Building for GNA

Mr. Fedorko’s woodshop class creates trophy cases for GNA.


“There is no elevator to success. You have to take the stairs.” A few students at GNA have learned this throughout their journey in building trophy cases.

GNA began its high school wood shop program in 1970, when the high school was first built. Currently, the class on the course selection sheet is listed as Tech Exploration, but is officially called industrial technology.

Nowadays, many people are not familiar with the satisfaction of creating something beautiful out of raw material through hard work and dedication. Tech Exploration is meant to allow students to bring out their creative sides while working in a non-typical classroom.

Dr. Ronald Grevera, the district’s superintendent, stated that the project originated in 2013 with his taking office. Funding was raised through private donations from both families and businesses, with two families donating money in memory of deceased family members (Ronald J. Grevera, Sr. and Edward J. Lukowski). The project began at the Wilkes-Barre Area Career and Technical Center (CTC), with two trophy cases being constructed; this number,  between last and current school years, will rise to four. The project aims to teach students to use their hands to construct objects instead of simply purchasing them. The point of the project is to teach students to use their hands to build things instead of just going out and purchasing them.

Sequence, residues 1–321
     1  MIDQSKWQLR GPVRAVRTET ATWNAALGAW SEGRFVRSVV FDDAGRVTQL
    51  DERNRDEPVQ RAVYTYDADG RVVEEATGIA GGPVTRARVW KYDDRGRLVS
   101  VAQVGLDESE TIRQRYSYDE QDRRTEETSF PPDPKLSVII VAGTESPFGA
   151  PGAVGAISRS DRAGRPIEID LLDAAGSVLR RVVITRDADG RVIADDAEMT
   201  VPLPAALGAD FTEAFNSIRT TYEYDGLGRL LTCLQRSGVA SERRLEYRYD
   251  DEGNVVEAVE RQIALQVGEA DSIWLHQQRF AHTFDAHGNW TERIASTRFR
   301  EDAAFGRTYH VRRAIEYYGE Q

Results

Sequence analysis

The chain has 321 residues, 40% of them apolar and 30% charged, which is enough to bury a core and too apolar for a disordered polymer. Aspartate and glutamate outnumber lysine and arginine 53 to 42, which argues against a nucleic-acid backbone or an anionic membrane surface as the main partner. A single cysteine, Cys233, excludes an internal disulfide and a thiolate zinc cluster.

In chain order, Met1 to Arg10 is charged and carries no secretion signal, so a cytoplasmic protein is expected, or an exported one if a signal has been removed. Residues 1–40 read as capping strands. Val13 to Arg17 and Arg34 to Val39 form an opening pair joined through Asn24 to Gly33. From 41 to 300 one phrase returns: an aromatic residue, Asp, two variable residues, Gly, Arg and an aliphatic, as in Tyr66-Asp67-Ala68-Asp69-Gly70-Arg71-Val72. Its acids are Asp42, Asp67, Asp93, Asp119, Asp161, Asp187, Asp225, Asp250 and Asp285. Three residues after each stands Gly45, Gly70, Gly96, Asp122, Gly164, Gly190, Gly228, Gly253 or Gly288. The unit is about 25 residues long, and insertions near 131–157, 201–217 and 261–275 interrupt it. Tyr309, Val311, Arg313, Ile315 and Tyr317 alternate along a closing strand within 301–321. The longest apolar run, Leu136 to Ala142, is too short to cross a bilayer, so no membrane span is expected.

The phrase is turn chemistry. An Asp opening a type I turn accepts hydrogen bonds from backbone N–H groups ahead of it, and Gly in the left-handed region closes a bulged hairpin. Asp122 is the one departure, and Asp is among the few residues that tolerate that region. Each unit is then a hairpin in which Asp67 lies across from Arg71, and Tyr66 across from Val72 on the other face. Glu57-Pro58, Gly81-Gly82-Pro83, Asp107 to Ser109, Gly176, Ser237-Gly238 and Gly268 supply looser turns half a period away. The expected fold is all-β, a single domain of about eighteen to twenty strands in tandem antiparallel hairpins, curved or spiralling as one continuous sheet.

Mr. Fedorko, GNA’s Tech Exploration teacher, said the project originated when Dr. Grevera asked him if his students could build them cheaper. On average, each case costs $600 to build; a brand-new case can cost anywhere from $1,200 to $1,600. The money saved from building the cases in-school can fund other projects or programs throughout the school district.

The main goal of the project is to teach students to build cabinets and trophy cases from scratch. This provides them with knowledge of techniques which they can utilize and put to use throughout their lives. The project also aims to transfer the GNA’s trophy collection from the high school library and proudly display them to the public, allowing guests of the school to see more of the prizes and awards netted by GNA.

Opportunities like this are only brought to fruition by offering Tech Exploration and associated classes. “Are we allowing everyone a fair shot at the American Dream if we remove trade programs from schools?” says Momentum Innovation Group. Classes that teach students life skills are becoming less common, and academics are overwhelmingly the main focus in schools. According to Time Magazine, “It seems that for some policy makers, ‘academic’ is a synonym for ‘intelligent.’ It is not. It has a much more limited meaning and refers to intellectual work that is mainly theoretical or scholarly rather than practical or applied.” Allowing students to take shop classes in high school helps students decide whether or not the profession of woodworking is something they want to pursue for the rest of their lives.